Alongside analyzing the external context you should also, as with any campaign, conduct a brief analysis of the strengths, weaknesses, opportunities and threats of your organization to ensure that your plans match your resources and organizational plans. (This is known as a SWOT analysis.) You should focus first on what you are good at and where your strengths lie in relation to the campaign, before moving on to new areas.

This is a good stage to approach other organizations working on women’s rights in your country, before you move to setting objectives and individual activities.


Women’s organizations play a key role

If your organization has traditionally been focussed on other areas of human rights work, it is important to recognize that there is a strong, well-established international network of women’s organizations with many years’ experience of campaigning for women’s rights, including on the issue of violence.

It is important to support and complement the work that is being done in the field already, as other organizations may have greater expertise and you can learn from the groundbreaking work that these groups have done. The next step in your campaign planning therefore should be to contact the women’s organizations in your country, ask what they are working on and how you could help.

Be aware that in many countries violence against women is seen as a women’s issue, so human rights organizations may find it difficult at first to initiate a dialogue with women’s organizations. An approach that acknowledges the greater experience of the women’s movement should help facilitate this dialogue. For example, AI United Kingdom consulted local women’s movements, recognizing their depth of experience in research and action on this issue, before developing its own project to combat violence against women in the UK.


Ensure the involvement of men


You should also consider how you are going to involve men in your campaign. Men are both an internal and external audience. Mainstream human rights organizations with women and men members, like AI, are well placed to engage men on the issue. Partnerships with men can be built to encourage them to become advocates to stop violence against women. Some men have been actively engaged in challenging violence against women, but for many men the issue is remote. They have limited awareness of violence against women and little idea of how to engage with it or affect it. You need to take this into account in your planning and activities.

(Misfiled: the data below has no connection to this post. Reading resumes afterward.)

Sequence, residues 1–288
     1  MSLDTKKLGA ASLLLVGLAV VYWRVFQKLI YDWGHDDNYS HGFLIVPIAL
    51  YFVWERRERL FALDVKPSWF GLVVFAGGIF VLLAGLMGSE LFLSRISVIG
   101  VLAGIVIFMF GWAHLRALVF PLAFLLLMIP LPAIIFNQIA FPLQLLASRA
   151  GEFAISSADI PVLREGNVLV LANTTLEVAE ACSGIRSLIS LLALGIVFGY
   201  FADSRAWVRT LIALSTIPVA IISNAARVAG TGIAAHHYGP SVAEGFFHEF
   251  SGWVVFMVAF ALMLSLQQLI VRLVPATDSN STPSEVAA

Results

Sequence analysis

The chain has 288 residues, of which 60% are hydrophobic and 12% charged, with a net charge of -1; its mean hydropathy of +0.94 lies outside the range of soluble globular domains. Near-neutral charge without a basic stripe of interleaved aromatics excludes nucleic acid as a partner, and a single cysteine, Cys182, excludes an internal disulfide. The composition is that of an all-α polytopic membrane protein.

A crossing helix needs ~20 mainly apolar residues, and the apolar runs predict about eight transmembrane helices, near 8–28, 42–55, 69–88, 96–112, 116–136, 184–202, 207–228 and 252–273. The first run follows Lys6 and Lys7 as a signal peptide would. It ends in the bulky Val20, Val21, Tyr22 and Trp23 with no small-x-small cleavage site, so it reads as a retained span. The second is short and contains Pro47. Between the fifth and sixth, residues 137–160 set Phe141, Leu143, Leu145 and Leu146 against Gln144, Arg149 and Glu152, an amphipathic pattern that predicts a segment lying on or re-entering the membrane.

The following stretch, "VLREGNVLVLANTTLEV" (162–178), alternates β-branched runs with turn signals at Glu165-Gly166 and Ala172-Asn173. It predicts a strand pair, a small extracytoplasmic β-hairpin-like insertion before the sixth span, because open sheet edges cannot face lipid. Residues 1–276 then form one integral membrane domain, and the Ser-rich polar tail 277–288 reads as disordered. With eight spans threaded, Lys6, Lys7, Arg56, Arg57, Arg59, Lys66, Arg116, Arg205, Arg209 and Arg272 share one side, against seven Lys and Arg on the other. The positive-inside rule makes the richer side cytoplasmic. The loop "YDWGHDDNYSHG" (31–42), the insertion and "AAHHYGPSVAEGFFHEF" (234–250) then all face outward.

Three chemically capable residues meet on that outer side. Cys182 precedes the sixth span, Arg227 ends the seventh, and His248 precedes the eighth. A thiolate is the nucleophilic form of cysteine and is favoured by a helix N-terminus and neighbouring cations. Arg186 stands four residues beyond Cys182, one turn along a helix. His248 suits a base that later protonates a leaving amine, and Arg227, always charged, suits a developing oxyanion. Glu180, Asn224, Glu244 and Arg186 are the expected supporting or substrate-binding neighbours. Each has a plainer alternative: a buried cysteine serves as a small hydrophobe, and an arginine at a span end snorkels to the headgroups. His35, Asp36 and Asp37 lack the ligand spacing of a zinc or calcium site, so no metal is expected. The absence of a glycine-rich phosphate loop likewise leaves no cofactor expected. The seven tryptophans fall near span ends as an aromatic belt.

Caption

AI Croatia’s Stop Violence Against Women campaign launch in Zagreb, March 2004. © AI


Other allies


Potential allies include: medical professionals, lawyers, teachers, housing authorities, police officers, trade unions, and journalists.

In addition to identifying allies, you should identify those groups who will oppose any campaign to stop violence against women. You will need to think through what arguments and tactics they may use against you and how best to counter them, as part of your campaign plan.


Step Three: Set objectives

Each objective you set should take you one step nearer to reaching the overall goal to Stop Violence Against Women.

The objectives will use the concept of due diligence to reach these goals. In other words they will reflect the responsibility of your country’s government to reduce violence against women.

The objectives should be SMART:

Specific.

Measurable.

Achievable.

Relevant.

Time bound.


Developing a strategy

[illustration]

SITUATION ANALYSIS

What are our strengths and weaknesses? What external factors affect our work?

OBJECTIVES

What can we realistically hope to achieve? How will we measure whether we have succeeded?

TACTICS

How can we achieve our objectives? Who should we approach? What techniques will be most effective?

ACTION PLANS

What do we need to do? Who will do it? When? How much will it cost?

ACTION

Do it! NB Periodic reviews How's it going? Do we need to modify our plans?

EVALUATION

Did we achieve our objectives? What went well? Less well? What have we learnt for next time?


Are our plans realistic and achievable? Do we have enough resources?

(Time? Money? People?) Do we need to modify our objectives?

[end illustration]


This will help clarify what you are trying to achieve, help you plan activities so that they bring the result you want, and make evaluation easier.

There are a number of tools you can use to develop your campaign strategy, including the "Strategic campaigning cycle", and the "Problem and Solution tree". Details of how to develop a "Strategic campaigning cycle" are given below, from page 25 of the Amnesty International Campaigning Manual(AI Index: ACT 10/002/2001):